GEAR: Gaps Explorer for Accessibility and Readiness of California Electric Vehicle Charging Infrastructure
Transportation accounts for 40% of the GHG emissions in California. To fight against climate change and mitigate GHG emissions. To fight against climate change and reduce air pollution, California must rapidly transition its vehicle fleets to zero-emission in the next decade. The latest California Air Resources Board (CARB) decarbonization scenario modeling suggested 70% of new cars sales in 2030 need to be Zero-Emission Vehicles (ZEVs) (CARB, 2020). The share must reach 100% by 2035, as mandated in 2020 by the Governor (CA State Government, 2020). It is an important marker in phasing out internal combustion engine (ICE) vehicles and continuing to reduce the reliance on fossil fuels for its economy. As a result of the new sales goal, it is then estimated that 8 million light-duty ZEVs will be on the road by 2030 (CARB, 2020), and 1.5 million public and shared private chargers are needed (CEC, 2021). These are much more ambitious than the 5 million ZEVs and 250,000 chargers goals set by the former Governor in 2018.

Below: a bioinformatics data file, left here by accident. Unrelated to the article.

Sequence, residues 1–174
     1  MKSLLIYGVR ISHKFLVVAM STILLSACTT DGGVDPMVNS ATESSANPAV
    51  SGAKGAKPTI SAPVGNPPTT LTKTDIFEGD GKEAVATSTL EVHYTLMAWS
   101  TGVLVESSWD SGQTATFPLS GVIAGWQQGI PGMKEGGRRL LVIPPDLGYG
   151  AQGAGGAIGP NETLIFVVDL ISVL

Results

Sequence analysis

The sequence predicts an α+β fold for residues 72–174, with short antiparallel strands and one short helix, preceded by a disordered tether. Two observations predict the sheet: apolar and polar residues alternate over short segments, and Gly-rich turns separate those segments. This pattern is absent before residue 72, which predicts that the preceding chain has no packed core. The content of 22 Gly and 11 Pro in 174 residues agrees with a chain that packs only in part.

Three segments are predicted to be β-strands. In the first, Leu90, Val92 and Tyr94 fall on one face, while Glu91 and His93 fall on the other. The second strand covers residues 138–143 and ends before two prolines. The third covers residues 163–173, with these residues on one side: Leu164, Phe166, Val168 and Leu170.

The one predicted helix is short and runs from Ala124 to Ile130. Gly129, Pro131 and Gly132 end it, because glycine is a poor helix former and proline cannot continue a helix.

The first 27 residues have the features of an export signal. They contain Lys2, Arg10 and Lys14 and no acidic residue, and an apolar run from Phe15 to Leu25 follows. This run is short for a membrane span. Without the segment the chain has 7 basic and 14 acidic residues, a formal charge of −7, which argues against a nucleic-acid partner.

Our project focuses on exploring the gaps in accessibility of EV charging infrastructure in California. To align with the primary goal of ZEV Market Development Strategy to accelerate large-scale, affordable, and equitable ZEV market development, we have the following project objectives:
- Understand EV users’ persona and their current issues with charging
- Explore gaps in charger equity in terms of demographic attributes of communities
- Explore gaps in charger scale compared to forecasted demand and understand how policies can help close the gaps faster
We utilized information visualization methods and web development frameworks to build a web-based visualization tool to present our findings. We also applied natural language processing for an aspect-based sentiment analysis on EV users’ reviews of charging infrastructure, and the results are in the project.